Simple yet Intriguing

              There is a sublime beauty to be found in simplicity. A few days ago, I read a short little article entitled “The Paradoxical Commandments” written by a man named Michael Josephson. For those of you who are unfamiliar with the name, Michael Josephson is the author of a very popular commentary called “CHARACTER COUNTS!”. He writes about ethical and moral issues, not necessarily from a religious standpoint, but rather from a more logical/philosophical approach.

He wrote this little article about 10 “commandments” composed by a man named Kent Keith who wrote them when he was a 19-year-old sophomore at Harvard. They are as follows:

1. People are illogical, unreasonable, and self-centered. Love them anyway.
2. If you do good, people will accuse you of selfish, ulterior motives. Do good anyway.
3. If you are successful, you will win false friends and true enemies. Succeed anyway.
4. The good you do today will be forgotten tomorrow. Do good anyway.
5. Honesty and frankness make you vulnerable. Be honest and frank anyway.
6. The biggest men and women with the biggest ideas can be shot down by the smallest men and women with the smallest minds. Think big anyway.
7. People favor underdogs but follow only top dogs. Fight for underdogs anyway.
8. What you spend years building may be destroyed overnight. Build anyway.
9. People who need help may attack you if you help them. Help people anyway.
10. Give the world the best you have, and you’ll get kicked in the teeth. Give the world the best you have anyway.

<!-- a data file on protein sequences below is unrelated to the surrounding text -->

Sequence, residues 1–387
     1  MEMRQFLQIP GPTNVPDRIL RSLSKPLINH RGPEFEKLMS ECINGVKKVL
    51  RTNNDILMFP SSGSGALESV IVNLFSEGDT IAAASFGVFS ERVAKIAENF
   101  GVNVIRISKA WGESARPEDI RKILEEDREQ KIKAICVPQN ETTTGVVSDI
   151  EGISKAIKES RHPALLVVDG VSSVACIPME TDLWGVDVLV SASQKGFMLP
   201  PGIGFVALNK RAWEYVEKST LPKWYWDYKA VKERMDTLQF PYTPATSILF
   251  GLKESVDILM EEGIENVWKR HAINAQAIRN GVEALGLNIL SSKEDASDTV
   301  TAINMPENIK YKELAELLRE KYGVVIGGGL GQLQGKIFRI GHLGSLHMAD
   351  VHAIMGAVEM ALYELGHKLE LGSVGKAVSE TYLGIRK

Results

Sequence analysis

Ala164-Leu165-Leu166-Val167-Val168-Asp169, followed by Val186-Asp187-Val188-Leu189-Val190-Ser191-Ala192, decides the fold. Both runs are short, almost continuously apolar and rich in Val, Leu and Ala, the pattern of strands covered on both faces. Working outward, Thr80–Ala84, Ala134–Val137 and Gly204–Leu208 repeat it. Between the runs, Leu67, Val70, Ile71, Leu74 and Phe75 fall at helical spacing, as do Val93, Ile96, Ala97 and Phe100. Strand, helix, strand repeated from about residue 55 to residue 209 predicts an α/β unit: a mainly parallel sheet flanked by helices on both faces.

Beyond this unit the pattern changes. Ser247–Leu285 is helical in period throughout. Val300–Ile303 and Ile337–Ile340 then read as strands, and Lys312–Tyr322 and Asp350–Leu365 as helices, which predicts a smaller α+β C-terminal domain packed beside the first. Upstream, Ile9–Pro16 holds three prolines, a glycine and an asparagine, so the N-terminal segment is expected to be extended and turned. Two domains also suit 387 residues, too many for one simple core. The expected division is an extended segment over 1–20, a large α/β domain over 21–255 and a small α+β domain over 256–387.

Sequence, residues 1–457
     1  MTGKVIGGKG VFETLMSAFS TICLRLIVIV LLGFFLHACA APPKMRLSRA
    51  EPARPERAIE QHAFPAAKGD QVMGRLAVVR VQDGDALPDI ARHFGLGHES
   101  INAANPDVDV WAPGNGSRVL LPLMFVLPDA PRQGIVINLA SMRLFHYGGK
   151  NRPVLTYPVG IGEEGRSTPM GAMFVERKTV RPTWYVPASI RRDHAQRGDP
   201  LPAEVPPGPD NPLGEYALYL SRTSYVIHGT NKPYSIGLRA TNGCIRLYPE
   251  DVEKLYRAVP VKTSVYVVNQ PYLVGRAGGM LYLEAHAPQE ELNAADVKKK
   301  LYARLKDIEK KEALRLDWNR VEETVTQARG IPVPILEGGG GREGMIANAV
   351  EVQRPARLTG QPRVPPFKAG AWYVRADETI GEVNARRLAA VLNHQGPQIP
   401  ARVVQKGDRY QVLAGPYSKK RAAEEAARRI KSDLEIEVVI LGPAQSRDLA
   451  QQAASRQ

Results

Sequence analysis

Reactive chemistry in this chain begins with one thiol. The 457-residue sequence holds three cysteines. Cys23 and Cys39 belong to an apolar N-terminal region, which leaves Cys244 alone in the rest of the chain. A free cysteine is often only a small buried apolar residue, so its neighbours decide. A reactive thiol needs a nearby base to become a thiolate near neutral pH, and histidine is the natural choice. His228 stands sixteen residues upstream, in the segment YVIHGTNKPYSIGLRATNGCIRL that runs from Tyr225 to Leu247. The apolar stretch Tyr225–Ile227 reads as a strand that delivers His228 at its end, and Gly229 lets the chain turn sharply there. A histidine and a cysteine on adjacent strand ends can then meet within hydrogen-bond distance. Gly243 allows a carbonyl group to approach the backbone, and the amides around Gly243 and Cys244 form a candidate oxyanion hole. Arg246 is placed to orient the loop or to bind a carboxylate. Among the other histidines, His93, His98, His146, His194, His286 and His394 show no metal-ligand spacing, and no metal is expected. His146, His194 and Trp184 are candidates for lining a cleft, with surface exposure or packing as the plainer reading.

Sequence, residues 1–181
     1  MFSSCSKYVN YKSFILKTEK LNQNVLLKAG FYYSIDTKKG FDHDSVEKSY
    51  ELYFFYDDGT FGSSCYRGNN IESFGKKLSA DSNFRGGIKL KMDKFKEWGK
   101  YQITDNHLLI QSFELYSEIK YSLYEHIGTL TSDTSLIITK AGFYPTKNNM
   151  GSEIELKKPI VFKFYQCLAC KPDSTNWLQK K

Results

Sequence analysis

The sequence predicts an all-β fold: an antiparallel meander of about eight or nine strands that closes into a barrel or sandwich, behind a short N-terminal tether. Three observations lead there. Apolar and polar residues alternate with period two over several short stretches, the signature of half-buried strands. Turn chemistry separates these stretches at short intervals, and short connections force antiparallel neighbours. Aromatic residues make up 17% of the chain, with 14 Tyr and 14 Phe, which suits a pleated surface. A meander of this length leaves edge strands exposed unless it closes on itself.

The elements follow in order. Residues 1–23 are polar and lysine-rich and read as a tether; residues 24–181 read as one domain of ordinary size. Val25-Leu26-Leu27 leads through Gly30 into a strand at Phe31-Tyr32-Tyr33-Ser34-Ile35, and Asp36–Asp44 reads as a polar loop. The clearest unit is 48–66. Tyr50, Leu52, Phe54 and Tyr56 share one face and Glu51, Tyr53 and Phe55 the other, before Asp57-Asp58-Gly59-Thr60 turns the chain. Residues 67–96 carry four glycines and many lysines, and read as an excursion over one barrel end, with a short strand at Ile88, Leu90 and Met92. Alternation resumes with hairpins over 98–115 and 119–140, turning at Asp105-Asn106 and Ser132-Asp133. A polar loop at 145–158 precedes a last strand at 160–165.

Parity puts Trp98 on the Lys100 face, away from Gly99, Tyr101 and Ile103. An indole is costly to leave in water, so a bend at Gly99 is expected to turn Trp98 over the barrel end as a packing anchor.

Now, many of you are reading these thinking, “Wow, that was really profound. This guy must be a philosophical genius!” (In case you didn’t catch it, that was sarcasm) I would have to agree that these commandments aren’t really all that complex or original in nature, but I also think there is a lot to be said for them regardless of their simplicity. These are the kind of truths that most people are already familiar with, but they are also so simple that most people never stop to think about them either. I think they are important because while they are simple commandments, they are not easy to follow. Living a life like the one described above is extremely difficult, and as a living rebuttal to the “whatever” scoundrels that plague the earth, I therefore find significance in these little truths. In fact, many of these principles resonate with our creed to embrace difficulty and break the silence, but even more than that, many of these truths have Biblical roots. Aren’t we called to love all people, including the illogical, unreasonable, and self-centered? Aren’t we called to do good even though we are often criticized for it? These are things worth giving further thought to, and I pray you do. Like I said, these are simple, even childish conclusions, but they are also beautiful and full of great worth for those who take the time to ponder their implications. For those of you who have taken the time to read this far, I apologize for the length. I couldn’t stop myself.




  1. I loved this. Thank you so much for putting those up and you are right they do make you think. Thank you again Mark. I loved it!

  2. Christ died that we might live. The greatest truth of all time is paradoxical…go figure.

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